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So beauty blemish'd once, for ever's lost,
In spite of physick, painting, pain, and cost.

XI.
Good night, good rest. Ah! neither be my share:
She bade good night, that kept my rest away;
And daffod me to a cabin hang'd with care,
To descant on the doubts of my decay.

Farewell, quoth she, and come again to-morrow; Fare well I could not, for I supp'd with sorrow.

Yet at my parting sweetly did she smile,
In scorn or friendship, nill I construe whether :
"Tmay be, she joy'd to jest at my exíle,
"Tmay be, again to make me wander thither;

Wander, a word for shadows like thyself,
As take the pain, but cannot pluck the pelf.

XII. Lord, how mine eyes throw gazes to the east! My heart doth charge the watch®; the morning rise Doth cite each moving sense from idle rest. Not daring trust the office of mine eyes,

4 And Daff'd me, &c.] So, in Much Ado About Nothing :

“ — canst thou so daff me?" To daff, or doff, is to put off. MALONE.

3 'TMAY be, &c.] Thus the old copy. So also in the next line. I have observed the same elision in other poems of the same age, and once in Pericles, Prince of Tyre, 1609, though I cannot at present turn to the instance that I had marked.

MALONE. I will never believe any poet could begin two lines together, with such offensive elisions. They may both be omitted without injury to sense or metre. Steevens.

6 My heart doth CHARGE THE Watch;] The meaning of this phrase is not very clear. STEEVENS.

Perhaps the poet, wishing for the approach of morning, enjoins the watch to hasten through their nocturnal duty.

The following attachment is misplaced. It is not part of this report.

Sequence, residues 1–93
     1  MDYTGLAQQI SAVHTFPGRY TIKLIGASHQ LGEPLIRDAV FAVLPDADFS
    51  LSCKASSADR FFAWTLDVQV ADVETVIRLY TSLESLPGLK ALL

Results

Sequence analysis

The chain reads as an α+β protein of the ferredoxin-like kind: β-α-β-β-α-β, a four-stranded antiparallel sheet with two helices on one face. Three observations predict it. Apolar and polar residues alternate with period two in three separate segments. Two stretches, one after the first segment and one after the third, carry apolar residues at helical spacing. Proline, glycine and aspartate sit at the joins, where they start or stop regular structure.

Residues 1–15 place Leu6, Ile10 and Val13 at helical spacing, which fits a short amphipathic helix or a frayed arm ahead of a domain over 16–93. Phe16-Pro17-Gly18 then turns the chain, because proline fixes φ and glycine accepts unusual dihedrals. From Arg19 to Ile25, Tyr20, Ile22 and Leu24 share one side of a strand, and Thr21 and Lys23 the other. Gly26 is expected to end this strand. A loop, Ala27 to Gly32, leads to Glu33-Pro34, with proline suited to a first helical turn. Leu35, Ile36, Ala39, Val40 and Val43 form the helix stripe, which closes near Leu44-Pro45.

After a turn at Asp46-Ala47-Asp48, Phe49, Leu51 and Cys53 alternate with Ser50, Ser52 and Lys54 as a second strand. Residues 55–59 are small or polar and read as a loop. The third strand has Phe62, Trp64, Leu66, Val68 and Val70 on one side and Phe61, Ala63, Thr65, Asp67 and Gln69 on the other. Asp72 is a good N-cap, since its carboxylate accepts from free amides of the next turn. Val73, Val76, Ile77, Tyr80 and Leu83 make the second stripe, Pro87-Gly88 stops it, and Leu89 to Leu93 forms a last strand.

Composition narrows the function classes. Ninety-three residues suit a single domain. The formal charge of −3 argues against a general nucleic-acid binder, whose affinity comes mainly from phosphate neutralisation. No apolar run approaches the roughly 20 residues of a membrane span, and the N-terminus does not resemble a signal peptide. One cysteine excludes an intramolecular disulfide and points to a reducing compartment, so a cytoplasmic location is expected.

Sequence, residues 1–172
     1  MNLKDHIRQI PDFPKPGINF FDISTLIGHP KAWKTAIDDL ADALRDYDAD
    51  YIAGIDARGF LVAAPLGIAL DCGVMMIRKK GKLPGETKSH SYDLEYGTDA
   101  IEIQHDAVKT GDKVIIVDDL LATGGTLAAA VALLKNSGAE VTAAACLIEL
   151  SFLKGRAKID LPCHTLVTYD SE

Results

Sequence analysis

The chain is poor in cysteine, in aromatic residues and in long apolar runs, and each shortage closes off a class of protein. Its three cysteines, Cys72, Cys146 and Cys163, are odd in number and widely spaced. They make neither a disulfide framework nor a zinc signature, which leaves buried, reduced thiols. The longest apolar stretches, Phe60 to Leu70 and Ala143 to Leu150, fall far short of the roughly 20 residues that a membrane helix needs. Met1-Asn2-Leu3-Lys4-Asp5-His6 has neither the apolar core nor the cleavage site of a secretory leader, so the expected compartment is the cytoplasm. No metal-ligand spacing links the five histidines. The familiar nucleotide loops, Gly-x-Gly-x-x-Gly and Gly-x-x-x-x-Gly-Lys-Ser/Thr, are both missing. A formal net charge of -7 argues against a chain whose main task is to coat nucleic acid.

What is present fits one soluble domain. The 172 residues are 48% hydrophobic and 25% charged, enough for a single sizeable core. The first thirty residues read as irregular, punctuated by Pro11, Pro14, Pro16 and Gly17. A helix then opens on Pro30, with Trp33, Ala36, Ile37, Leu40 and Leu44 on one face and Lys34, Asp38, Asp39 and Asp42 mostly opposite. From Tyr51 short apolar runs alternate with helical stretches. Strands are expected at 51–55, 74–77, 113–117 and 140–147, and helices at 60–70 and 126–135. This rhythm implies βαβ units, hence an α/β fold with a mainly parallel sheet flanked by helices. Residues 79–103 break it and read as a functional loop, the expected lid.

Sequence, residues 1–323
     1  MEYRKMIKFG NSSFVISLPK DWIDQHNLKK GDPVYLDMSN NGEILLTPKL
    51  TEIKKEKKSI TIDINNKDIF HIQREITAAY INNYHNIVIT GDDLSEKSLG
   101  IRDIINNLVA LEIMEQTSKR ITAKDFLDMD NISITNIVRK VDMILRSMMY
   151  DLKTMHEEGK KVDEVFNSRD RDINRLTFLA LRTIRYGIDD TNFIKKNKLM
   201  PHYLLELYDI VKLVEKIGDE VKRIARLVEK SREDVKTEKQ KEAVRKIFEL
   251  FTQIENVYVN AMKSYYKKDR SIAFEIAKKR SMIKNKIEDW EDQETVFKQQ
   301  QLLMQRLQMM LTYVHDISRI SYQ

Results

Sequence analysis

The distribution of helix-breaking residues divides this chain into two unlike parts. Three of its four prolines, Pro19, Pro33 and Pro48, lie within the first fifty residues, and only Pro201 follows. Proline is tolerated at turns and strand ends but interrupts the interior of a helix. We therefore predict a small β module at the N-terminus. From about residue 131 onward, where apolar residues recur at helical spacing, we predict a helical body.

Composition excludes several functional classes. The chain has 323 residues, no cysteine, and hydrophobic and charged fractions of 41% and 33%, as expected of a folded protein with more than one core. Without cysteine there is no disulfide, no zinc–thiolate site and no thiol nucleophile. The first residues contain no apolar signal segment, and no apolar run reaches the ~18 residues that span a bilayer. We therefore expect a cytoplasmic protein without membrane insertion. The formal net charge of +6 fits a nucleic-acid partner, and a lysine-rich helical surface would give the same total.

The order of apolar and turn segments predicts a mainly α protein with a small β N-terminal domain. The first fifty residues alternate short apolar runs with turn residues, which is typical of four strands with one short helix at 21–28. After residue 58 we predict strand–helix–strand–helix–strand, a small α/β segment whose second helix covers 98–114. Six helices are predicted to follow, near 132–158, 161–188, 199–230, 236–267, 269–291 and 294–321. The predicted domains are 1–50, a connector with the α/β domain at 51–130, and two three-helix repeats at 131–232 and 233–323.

Malone.

While Philomela sits and sings, I sit and mark, And wish her lays were tuned like the lark;

For she doth welcome day-light with her ditty 9,
And drives away dark dismal-dreaming night:
The night so pack’d, I post unto my pretty;
Heart hath his hope, and eyes their wished sight;
Sorrow chang'd to solace, solace mix'd with

sorrow; For why ? she sigh’d, and bade me come to

morrow. Were I with her, the night would post too soon; But now are minutes added to the hours; To spite me now, each minute seems a moono; Yet not for me, shine sun to succour flowers !

7 While Philomela sits and sings, I sit and mark,

And wish her lays were tuned like the lark ;] In Romeo and Juliet, the lark and nightingale are in like manner opposed to each other. MALONE.

8 For she doth welcome day-light with her ditty,] So, in Romeo and Juliet:

“ It was the lark, the herald of the morn." Malone. 9 — each minute seems A MOON;] The old copy reads—each minute seems an hour. The want of rhyme to the corresponding line shows that it must be corrupt. I have therefore not hesitated to adopt an emendation proposed by Mr. Steevens-each minute seems a moon; i. e. month. So, in Antony and Cleopatra :

“ Which had superfluous kings for messengers,

“Not many moons gone by." Again, in Othello :

“ — Since these arms had seven years' pith

“Till now some nine moons wasted." In Romeo and Juliet our poet describes the impatience of a lover not less strongly than in the passage before us :

“I must hear from thee every day of the hour,

For in a minute there are many days." MALONE. “ Were I with her, the night would post too soon; “ But now are minutes added to the hours ;

To spite me now, each minute seems a moon;” Thus, in Dr. Young's Revenge:

“ While in the lustre of her charms I lay,
“ Whole summer suns rollid unperceiv'd away ;-

Pack night, peep day, good day, of night now

borrow: Short, night, to-night, and length thyself tomorrow.

XIII. It was a lording's daughter, the fairest one of three', That liked of her master as well as well might be, Till looking on an Englishman, the fairest eye could

see, Her fancy fell a turning. Long was the combat doubtful, that love with love

did fight, To leave the master loveless, or kill the gallant

knight : To put in practice either, alas it was a spite Unto the silly damsel.

“ Now fate does rigidly her dues regain,